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Editorial: President Moon gov't should recognize importance of comfort women accord

The South Korean government of President Moon Jae-in has announced five-year plans for state affairs, identifying specific challenges in 100 themes his government should work on while he is in office.

Projects relating to the "comfort women" issue, which were incorporated in the plans as part of gender equality promotion policy, have drawn particular attention. Specifically, the South Korean government will establish a "comfort women day" next year, set up a research institute on the issue in 2019, and a historical hall the following year. The Moon government appears to be considering designating Aug. 14 -- the day when former comfort women held a news conference in 1991 and identified themselves by name for the first time -- as comfort women day.

A South Korean organization called the "Korean Council for the Women Drafted for Military Sexual Slavery by Japan" in English has urged the selection of Aug. 14.

It is understandable for South Korea to be concerned with its own history. However, special caution should be exercised over the comfort women issue.

If the South Korean government were to comply with the council's request and designate Aug. 14 as comfort women day, it would give momentum to the organization's activities, which run counter to the bilateral agreement with Japan reached in late 2015 to settle the issue. Moreover, the South Korean Foreign Ministry has given the international community the impression that it is opposed to the bilateral agreement by moving to re-examine the accord.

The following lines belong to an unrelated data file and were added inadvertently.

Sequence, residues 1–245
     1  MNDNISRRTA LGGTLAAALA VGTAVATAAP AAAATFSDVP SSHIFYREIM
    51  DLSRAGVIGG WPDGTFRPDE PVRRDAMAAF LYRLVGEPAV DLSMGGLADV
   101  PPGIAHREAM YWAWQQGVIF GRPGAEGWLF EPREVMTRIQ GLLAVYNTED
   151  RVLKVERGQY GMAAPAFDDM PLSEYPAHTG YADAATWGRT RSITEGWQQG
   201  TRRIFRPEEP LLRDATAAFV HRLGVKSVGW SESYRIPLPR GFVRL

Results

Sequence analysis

Though the Japanese and South Korean governments have confirmed that the matter has been settled, ill feelings on the matter remain in both countries. If anti-Japan sentiment heightens in South Korea, it will provoke Japanese people's emotions, raising fears that an emotional conflict between the two countries could be revived.

At the same time, the five-year plans call for the development of a future-oriented, mature, and cooperative partnership between the two countries. Under the plans, Seoul will seek to promote cooperation with Tokyo in responding to North Korea's nuclear and missile programs separately from historical issues.

In other words, the Moon government is determined not to follow in the footsteps of the previous Park Geun-hye administration, under which bilateral relations worsened over the comfort women issue.

The 2015 comfort women agreement served as a turning point in Japan-South Korea ties, which had been feared to adversely affect cooperation between Japan, the United States and South Korea in policy toward North Korea. The agreement forms the basis for such cooperation.

President Moon has not mentioned "renegotiating the agreement" -- one of his election campaign promises -- since he took office. It is an appropriate decision he apparently made while considering the difficulties involving the comfort women issue.

However, projects relating to the comfort women issue, incorporated in the five-year plans, do not show that the South Korean government has given consideration to bilateral ties.

About 70 percent of former comfort women have accepted support under the bilateral agreement. The Moon administration should clarify these facts and try to convince the public of the significance of the bilateral accord.

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